HaandBryggeriet Norwegian Wood

HaandBryggeriet Norwegian Wood - Pours a deep, dark amber color with a finger of white head. Smells really interesting, but I'm having trouble articulating it. The most prominent feature is obviously a light smokiness, but there's a lot of other stuff going on too. Perhaps a rich malt aroma is also there, but there's something bright about the finish of the aroma too. Taste starts off sweet, some nice crystal malt character along with a very, very slight roast flavor that leads into the smokiness, followed by that brightness from the nose, maybe a kinda fruit flavor (I'm guessing this is the fault of the juniper berries). Mouthfeel, medium bodied and well carbonated, very well balanced, goes down easy. Overall, this is a very well balanced, complex beer. The smoke is extremely well integrated; it's the star of the beer and most prominent aroma/flavor, but it doesn't dominate the beer either. It's just that it's so well integrated into the rest of the beer. As smoked beers go, this may be the best straight version I've ever had. B+ (borderline A-)

Beer Nerd Details: 6.5% ABV bottled (500 ml). Drank out of a on 1/11/13. Label sez: Batch 358. Total bottles 1500.

So a pretty powerful start to smoked beer week. Next up, I strap on my Clown Shoes and Slay some Vampires. Stay tuned.

Victory Otto In Oak

| 2 Comments

Let's see here: Take a Belgian style Dubbel, add smoked malt (inspired by German Rauchbiers), and then age it in American Oak formerly used to age Bourbon. Also, and this is key, don't tell anyone that you're doing it. Seriously, if it weren't for the eternal vigilance of my local beermongers, I probably wouldn't have known this even existed (heck, even they had it tucked away in the back, rather than out on display).

To be sure, I've had the regular Otto before, and I have to admit that I found it underwhelming. Belgian style Dubbels are one of my favorite styles, but the smoked malt in Otto overwhelmed any of that great Belgian character, making it a sorta-one-dimensional smokey affair. Of course, that tasting was at a beer club, so conditions weren't entirely ideal, but my opinion doesn't seem to be all that unusual. Even the guy at Pinocchio's agreed with me on that count. I did buy a bottle of the stuff to lay down in my cellar for a while, hoping for the smoked flavors to mellow a bit and maybe harmonize with the Belgian characteristics.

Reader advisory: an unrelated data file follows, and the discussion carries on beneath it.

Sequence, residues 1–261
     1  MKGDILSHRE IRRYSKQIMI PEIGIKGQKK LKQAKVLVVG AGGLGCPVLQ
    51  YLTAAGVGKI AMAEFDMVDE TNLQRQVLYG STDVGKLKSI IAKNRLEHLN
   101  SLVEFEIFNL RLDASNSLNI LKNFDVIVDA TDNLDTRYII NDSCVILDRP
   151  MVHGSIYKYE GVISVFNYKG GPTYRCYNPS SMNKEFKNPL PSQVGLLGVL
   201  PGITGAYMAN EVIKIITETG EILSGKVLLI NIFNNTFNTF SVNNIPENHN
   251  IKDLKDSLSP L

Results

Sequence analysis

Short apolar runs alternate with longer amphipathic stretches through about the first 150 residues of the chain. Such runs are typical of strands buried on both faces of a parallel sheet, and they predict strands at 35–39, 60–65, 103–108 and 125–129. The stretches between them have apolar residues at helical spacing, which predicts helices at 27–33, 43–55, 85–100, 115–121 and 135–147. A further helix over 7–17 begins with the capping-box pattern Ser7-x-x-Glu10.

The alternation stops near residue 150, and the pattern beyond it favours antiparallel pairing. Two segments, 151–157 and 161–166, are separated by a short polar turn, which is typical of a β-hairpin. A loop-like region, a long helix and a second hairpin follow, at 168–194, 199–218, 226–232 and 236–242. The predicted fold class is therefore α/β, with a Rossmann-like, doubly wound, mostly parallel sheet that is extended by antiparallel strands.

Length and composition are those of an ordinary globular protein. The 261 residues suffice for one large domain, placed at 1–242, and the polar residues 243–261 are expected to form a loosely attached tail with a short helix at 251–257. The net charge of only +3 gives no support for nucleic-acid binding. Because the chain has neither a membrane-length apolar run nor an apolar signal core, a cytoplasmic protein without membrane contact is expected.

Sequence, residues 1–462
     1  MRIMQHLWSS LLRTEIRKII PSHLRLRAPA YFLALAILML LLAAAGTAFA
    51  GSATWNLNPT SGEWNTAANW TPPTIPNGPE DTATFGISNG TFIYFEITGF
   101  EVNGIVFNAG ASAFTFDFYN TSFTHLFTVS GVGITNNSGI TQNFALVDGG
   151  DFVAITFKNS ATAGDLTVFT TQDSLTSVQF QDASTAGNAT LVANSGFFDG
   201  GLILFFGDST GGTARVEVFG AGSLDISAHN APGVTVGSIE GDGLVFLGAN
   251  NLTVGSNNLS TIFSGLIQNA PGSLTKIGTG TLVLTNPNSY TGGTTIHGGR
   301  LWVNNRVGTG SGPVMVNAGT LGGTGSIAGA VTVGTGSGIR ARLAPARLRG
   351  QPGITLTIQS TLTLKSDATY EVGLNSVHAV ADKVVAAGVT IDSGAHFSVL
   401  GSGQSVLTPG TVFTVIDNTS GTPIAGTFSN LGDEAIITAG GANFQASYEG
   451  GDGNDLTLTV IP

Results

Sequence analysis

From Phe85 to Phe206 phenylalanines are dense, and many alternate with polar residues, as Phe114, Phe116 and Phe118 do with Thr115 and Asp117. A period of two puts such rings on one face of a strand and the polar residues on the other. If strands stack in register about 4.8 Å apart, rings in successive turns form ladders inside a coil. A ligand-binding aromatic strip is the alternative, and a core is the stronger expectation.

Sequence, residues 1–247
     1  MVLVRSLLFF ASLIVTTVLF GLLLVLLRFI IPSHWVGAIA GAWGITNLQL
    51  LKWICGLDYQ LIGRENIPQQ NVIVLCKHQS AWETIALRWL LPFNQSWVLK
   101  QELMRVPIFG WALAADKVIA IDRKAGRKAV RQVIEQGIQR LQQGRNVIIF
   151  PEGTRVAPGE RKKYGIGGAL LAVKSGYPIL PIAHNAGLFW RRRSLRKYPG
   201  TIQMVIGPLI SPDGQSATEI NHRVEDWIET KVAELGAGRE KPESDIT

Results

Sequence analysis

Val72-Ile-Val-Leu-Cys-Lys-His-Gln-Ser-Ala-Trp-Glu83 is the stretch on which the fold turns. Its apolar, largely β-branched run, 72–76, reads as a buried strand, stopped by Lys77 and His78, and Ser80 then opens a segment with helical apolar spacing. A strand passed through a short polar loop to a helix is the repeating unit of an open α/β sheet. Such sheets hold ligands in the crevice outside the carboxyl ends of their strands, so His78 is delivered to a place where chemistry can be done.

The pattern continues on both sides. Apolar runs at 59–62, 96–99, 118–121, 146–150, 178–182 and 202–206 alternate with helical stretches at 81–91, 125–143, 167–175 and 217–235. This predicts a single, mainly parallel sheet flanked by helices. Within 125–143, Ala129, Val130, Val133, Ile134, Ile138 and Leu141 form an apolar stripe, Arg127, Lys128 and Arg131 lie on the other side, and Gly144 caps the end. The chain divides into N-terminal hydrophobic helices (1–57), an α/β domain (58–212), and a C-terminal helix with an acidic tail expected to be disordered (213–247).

Well, I've still got that bottle in my cellar, but when I found out that Otto in Oak existed, I knew I had to get my hands on some of the stuff. It's not exactly a secret that I love me some barrel aged beers, and I think this treatment could give Otto some much needed balance (not something normally associated with bourbon barrel aging, but still):

Victory Otto in Oak

Victory Otto In Oak - Pours a very dark chestnut brown color with beautiful amber highlights, clear when held up to light, with just a bit of light tan colored head. Lots of bourbon in the nose, but also a bit of smoke and maybe even a hint of that musty, spicy Belgian yeast. The rich malt backbone and bourbon hit first in the taste, followed by a light, mellow smokiness, then some of that Belgian dubbel character as the bourbon reasserts itself in the finish. I really like how the bourbon has mellowed out the smokiness here. Indeed, I can even pick out the dubbel-like flavors, something I had trouble with in the regular Otto. As it warms, the flavors evolve and coalesce even more, and some additional flavors come out to play. There's an almost nuttiness (definitely the wrong word for it, but along those lines) that I was getting towards the end of the bottle. Mouthfeel is well carbonated with a rich, full body. It's a much better balanced beer than the regular Otto, though it is quite an odd combination. Overall, a complex, unique beer with a mountain of flavor. A-